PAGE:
SC gives Centre 6 weeks to respond to PILs against snooping: Here’s what you need to know

The Supreme Court on Monday sought the C response to petitions challenging a Home Ministry notification authorising ten central agencies to intercept, monitor and decrypt data on computers. The top court, in its notice, set a deadline of 6 weeks within which the government is to respond to this controversial decision.

The petitions argue that Ministry of Home Affair’s (MHA) blanket surveillance order is ultra vires to the parent legislation, Section 69 of the Information Technology Act, 2000, which means that it empowers snoop agencies beyond those intended and provided for by the existing law.

The petitioners have also alleged that the notification gives the state the right to access all communication, computer and mobile data and “use it to protect political interest and object of the present executive political party”. 

What did the notification say

The government on December 20, 2018, equipped ten of its investigating agencies with powers of “interception, monitoring decryption of any information generated, transmitted, received or stored in any computer”
under the IT Act, 2000.

The agencies authorised to intercept computers are the Intelligence Bureau, National Investigation Agency, Enforcement Directorate, the Central Board of Direct Taxes (for Income Tax Department), Narcotics Control Bureau, Central Bureau of Investigation, Directorate of Revenue Intelligence, the Research and Analysis Wing, Directorate of Signal Intelligence (in service areas of J-K, North East and Assam) and the Delhi Police.

Earlier, only the home ministry could scan calls and emails of people.

What about the PILs

In the wake of the uproar from the opposition and privacy activists that followed, a group of politicians and lawyers moved top court and filed five petitions to challenge the Home Ministry’s order on grounds of “snooping”.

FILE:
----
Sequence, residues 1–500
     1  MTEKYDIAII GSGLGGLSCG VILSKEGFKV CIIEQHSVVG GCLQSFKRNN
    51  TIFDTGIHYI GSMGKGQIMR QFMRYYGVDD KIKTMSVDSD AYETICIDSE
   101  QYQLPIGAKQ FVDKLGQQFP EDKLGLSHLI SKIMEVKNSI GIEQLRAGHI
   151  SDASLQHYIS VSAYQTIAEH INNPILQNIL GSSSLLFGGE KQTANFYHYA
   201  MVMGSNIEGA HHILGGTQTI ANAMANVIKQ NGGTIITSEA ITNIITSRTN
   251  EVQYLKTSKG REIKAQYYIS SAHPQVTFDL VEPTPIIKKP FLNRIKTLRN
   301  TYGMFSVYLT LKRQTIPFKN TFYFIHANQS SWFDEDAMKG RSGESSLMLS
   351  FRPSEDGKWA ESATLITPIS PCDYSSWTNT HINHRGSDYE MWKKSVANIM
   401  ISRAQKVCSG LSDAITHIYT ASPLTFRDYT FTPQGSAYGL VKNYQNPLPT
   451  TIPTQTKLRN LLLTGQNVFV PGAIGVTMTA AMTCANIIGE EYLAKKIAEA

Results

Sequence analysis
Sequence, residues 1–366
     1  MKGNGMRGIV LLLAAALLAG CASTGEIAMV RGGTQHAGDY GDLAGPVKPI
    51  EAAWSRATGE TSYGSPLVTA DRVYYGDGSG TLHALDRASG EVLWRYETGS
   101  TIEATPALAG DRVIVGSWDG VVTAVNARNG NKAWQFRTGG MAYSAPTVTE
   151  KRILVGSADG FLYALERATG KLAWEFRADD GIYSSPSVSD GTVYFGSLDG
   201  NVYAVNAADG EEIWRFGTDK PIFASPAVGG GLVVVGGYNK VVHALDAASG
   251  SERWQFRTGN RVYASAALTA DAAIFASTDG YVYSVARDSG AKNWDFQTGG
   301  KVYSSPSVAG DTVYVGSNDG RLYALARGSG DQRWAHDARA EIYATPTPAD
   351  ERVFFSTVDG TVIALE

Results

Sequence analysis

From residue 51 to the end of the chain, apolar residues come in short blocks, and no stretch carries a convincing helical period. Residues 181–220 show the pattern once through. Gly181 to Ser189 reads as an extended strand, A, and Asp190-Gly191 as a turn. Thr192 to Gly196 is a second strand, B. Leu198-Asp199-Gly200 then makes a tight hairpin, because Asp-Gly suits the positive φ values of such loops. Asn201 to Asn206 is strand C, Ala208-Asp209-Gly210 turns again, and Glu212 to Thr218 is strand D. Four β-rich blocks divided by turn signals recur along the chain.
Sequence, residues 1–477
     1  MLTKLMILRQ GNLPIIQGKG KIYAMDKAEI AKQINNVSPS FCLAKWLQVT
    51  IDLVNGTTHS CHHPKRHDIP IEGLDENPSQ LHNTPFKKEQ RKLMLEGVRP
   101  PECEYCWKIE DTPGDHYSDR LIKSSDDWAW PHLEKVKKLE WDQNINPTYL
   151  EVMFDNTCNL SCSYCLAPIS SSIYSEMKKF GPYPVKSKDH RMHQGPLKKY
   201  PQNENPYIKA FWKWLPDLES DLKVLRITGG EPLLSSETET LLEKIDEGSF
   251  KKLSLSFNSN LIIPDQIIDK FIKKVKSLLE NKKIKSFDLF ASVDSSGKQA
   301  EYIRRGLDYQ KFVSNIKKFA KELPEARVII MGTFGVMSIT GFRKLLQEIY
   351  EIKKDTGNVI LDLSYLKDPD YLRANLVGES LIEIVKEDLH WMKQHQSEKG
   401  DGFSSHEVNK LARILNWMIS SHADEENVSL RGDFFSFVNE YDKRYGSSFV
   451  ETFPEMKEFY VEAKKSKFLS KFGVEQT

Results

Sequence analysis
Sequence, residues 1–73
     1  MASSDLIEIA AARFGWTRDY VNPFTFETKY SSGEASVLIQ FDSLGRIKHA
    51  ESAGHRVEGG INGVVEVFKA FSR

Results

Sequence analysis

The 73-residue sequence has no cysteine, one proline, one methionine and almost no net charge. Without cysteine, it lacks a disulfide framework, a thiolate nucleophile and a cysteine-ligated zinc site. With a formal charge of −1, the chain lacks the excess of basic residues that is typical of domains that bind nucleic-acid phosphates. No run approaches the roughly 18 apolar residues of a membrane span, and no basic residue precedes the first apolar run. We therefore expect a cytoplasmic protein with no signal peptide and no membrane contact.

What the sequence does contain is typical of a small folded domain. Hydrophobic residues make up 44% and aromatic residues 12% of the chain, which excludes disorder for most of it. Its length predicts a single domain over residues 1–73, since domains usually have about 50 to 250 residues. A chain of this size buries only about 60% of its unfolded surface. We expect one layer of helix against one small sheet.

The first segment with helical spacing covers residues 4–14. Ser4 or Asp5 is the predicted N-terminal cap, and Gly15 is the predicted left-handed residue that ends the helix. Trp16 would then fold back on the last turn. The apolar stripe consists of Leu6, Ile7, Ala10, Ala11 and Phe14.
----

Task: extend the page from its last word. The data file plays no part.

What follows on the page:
The petitioners include TMC MLA Mahua Moitra, lawyer Shreya Singhal, advocate Amit Sahni, apex court lawyer Manohar Lal Sharma, and the New Delhi-based Internet Freedom Foundation (IFF), who submitted a compendium of PILs alleging that the order directly contradicted the fundamental right to privacy and must be immediately in the interest of justice.

The hearing on these pleas came up for examination before Chief Justice of India Ranjan Gogoi on Monday.

Singhal, who had successfully challenged Section 66 of the IT Act a few years ago, said after the SC ruling, “The order by the Home Ministry violates privacy and we so wanted a stay on it. The court has issued to the Home Ministry… After six weeks the Supreme Court will look into our prayer on staying the notification.

Excerpts of some petitions

Citing India’s covert survelliance system, the PIL by IFF urges the top court to function as the last bulwark of liberty in cases like this. Like TMC lawmaker Mahua Moitra, the privacy rights watchdog also challenged the constitutional validity of Section 69 of the IT Act and the Information Technology (Procedure for Safeguards for Interception, Monitoring Decryption of Information) Rules 2009, claiming that the MHA has “essentially activated” an “unconstitutional surveillance mechanism” with its December notification.

Moitra’s petition read, “The unbridled discretion granted to the named Security and Intelligence agencies to access information under section 69(1) amounts to a breach of fundamental right to free speech and expression guaranteed under Article 19(1)(a) and right to privacy and liberty under Article 21 of the Constitution of India.” She also highlights and the effective changes this order brings in its train, especially with regard to the extra-surveillance powers it grants to an agency.

“Rule 4 was never meant to allow ‘further delegation’ of the authority to monitor, intercept or decrypt, which could be exercised by the Competent
Authority alone—and that too—under safeguards provided under the IT Act and the Rules,” the petition notes.

Creating a surveillance state

The latest controversy over surveillance, a issue across the world, revives a longstanding debate on privacy. It began with a similar mandate by the C, involving the databasing of biometric information in an exercise to provide every Indian citizen with a unique identification or Aadhaar number.

The questionable methods of collecting and storing personal information has resulted in numerous instances of security breaches and witnessed a heady battle between crusaders for privacy and the Centre. The Supreme Court, last year, lifted the mandate on registering or furnishing Aadhaar details in a historic verdict.

Vesting investigating agencies with similar boundless powers can prove to be equally damaging to democracy. The MHA, however, claims that the rules to monitor and intercept personal data on any computer system were framed under the UPA government in 2009.

Prarthana Mitra is a staff writer at Qrius


Civil libertiesData PrivacyHome MinistryInternet freedomPILSupreme Court